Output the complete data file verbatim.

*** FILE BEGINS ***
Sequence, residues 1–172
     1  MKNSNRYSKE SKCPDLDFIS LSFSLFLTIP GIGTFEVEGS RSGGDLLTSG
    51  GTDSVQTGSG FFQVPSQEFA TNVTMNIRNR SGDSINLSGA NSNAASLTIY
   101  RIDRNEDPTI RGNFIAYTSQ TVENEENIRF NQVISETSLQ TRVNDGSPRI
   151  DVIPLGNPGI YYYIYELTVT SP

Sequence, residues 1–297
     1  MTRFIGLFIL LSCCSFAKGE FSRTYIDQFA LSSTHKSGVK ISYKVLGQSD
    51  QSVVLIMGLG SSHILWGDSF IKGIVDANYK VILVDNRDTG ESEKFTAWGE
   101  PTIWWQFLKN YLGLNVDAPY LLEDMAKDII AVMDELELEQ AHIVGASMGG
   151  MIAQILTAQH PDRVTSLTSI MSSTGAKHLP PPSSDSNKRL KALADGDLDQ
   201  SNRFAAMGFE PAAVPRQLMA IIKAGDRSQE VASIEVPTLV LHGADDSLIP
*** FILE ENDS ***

Sequence, residues 1–172
     1  MKNSNRYSKE SKCPDLDFIS LSFSLFLTIP GIGTFEVEGS RSGGDLLTSG
    51  GTDSVQTGSG FFQVPSQEFA TNVTMNIRNR SGDSINLSGA NSNAASLTIY
   101  RIDRNEDPTI RGNFIAYTSQ TVENEENIRF NQVISETSLQ TRVNDGSPRI
   151  DVIPLGNPGI YYYIYELTVT SP

Sequence, residues 1–297
     1  MTRFIGLFIL LSCCSFAKGE FSRTYIDQFA LSSTHKSGVK ISYKVLGQSD
    51  QSVVLIMGLG SSHILWGDSF IKGIVDANYK VILVDNRDTG ESEKFTAWGE
   101  PTIWWQFLKN YLGLNVDAPY LLEDMAKDII AVMDELELEQ AHIVGASMGG
   151  MIAQILTAQH PDRVTSLTSI MSSTGAKHLP PPSSDSNKRL KALADGDLDQ
   201  SNRFAAMGFE PAAVPRQLMA IIKAGDRSQE VASIEVPTLV LHGADDSLIP